Qwikster is dead, at last. It was just too confusing.

Tom Dougherty, CEO – Stealing Share

10 October 2011

Netflix decided correctly that simplicity was a better option

Well, that was certainty interesting. Netflix CEO Reed Hastings announced today that Qwikster, the proposed DVD-delivery offshoot of Netflix, is no longer.

In a statement emailed to subscribers, Hastings begins with: “It is clear that for many of our members two websites would make things more difficult, so we are going to keep Netflix as one place to go for streaming and DVDs.”

“The reason for the power of simplicity is because complexity adds barriers to use and adoption.”

 

Qwikster_291As a subscriber, I’m happy with this, which I hope is the final result. I like to do both (stream, rent) and I was confused over how the process would work once Qwikster was live.

There are a few lessons to be learned from this, however. For one thing, Hastings and Netflix have finally understood that simple is always best. The reason for the power of simplicity is because complexity adds barriers to use and adoption. It’s the reason why, for example, some of the most used websites, such as Facebook, are simple and easy to use – and why Facebook users got angry when Facebook overcomplicated matters.

The other lesson is that Netflix is struggling to maintain its market leadership because its brand has been based strictly on a process, rather than an emotional connection. So, when the process got confusing, the brand got rejected.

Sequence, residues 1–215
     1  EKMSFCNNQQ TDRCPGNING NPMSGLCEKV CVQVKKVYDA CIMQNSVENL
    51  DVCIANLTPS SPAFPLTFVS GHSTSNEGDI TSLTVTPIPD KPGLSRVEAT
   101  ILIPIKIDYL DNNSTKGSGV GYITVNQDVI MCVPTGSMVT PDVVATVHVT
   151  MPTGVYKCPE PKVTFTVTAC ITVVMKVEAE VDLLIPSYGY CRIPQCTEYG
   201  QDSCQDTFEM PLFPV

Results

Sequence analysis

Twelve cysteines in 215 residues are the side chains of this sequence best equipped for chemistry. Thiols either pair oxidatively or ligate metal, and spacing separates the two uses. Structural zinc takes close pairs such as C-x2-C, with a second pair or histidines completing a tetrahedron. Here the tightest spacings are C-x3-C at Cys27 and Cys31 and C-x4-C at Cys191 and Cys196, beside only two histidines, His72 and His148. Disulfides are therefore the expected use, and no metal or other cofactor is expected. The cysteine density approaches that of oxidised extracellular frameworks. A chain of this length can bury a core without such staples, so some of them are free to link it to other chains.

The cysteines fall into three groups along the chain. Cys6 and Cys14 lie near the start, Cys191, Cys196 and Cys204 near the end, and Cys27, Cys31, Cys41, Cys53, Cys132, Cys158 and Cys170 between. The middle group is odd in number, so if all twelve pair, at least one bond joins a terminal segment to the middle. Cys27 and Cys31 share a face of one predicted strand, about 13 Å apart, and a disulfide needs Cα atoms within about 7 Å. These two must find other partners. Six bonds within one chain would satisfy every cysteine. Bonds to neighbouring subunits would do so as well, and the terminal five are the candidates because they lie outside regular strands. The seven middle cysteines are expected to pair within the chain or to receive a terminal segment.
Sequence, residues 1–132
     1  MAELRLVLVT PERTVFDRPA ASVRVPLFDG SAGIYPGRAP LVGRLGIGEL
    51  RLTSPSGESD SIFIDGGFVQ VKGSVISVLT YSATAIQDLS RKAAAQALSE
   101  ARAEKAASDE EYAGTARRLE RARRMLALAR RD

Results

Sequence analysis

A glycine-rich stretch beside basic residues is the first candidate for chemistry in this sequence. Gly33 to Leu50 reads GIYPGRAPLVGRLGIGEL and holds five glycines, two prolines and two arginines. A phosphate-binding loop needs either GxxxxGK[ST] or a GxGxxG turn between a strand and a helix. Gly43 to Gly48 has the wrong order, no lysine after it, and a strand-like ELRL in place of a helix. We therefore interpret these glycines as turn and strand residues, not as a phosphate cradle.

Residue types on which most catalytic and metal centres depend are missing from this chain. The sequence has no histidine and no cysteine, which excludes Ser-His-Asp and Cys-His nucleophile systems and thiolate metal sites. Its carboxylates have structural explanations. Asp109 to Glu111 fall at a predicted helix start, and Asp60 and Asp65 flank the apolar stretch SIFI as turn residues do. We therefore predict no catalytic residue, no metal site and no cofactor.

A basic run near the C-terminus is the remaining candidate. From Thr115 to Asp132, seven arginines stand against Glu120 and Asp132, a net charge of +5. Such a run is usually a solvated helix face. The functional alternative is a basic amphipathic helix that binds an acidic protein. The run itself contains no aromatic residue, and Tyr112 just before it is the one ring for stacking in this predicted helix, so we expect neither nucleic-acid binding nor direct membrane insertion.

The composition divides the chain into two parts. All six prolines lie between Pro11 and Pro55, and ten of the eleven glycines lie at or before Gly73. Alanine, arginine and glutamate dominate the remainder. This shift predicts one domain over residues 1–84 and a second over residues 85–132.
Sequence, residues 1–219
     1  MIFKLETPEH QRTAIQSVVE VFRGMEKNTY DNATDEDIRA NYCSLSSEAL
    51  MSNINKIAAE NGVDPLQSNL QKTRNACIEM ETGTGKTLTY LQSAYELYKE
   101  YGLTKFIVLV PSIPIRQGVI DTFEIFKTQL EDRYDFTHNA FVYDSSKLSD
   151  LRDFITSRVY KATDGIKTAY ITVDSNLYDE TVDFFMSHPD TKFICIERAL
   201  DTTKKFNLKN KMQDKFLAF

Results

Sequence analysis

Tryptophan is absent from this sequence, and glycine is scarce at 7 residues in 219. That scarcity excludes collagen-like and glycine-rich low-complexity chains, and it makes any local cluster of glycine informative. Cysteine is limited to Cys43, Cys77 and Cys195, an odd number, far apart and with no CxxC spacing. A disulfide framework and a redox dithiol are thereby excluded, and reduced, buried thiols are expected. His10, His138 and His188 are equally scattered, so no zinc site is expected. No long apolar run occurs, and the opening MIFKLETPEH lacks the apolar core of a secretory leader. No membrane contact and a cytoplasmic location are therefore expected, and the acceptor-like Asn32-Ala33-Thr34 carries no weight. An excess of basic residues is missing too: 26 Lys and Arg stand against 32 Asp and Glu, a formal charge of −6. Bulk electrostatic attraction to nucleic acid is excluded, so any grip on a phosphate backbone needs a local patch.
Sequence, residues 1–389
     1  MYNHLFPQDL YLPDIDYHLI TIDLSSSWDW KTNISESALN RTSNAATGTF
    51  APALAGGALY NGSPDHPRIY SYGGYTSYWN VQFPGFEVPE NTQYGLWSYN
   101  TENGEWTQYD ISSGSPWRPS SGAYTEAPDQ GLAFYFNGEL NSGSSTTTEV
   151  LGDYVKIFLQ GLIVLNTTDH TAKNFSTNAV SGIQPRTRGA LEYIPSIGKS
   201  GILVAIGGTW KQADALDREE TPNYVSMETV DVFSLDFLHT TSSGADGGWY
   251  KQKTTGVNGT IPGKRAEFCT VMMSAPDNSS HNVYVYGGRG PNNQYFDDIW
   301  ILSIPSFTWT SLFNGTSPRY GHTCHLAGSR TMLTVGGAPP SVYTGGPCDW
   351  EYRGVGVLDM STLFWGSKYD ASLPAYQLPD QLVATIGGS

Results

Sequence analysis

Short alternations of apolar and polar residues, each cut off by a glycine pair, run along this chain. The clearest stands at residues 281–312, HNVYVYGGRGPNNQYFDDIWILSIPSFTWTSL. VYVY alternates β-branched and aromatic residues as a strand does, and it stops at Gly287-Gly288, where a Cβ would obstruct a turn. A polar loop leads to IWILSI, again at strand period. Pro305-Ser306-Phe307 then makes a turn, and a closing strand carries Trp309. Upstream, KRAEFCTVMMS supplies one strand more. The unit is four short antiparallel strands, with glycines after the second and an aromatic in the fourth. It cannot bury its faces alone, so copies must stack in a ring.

The market in which Netflix competes is becoming more and more competitive as competitors copy Netflix’s process. Blockbuster, once dead, will be resurrected by DirecTV in a model that copies Netflix. Rumors are also growing that this is an area in which Apple wants to gain a stronger foothold and may also copy Netflix’s process through Apple TV to do it.

Netflix triggered this Netflix/Qwikster model after customers complained of price hikes. Netflix failed to see that it could offer separate plans under one brand and one website until now. (Though, the brand guy in me was very interested in what Qwikster was going to look like.)

Give it up to Netflix for realizing its mistake and landing where it should. Now, it needs to take the next step in becoming emotionally important to customers so that, when mistakes are made, they are forgotten or forgiven, and any equity it has lost during this latest fiasco can be overcome.

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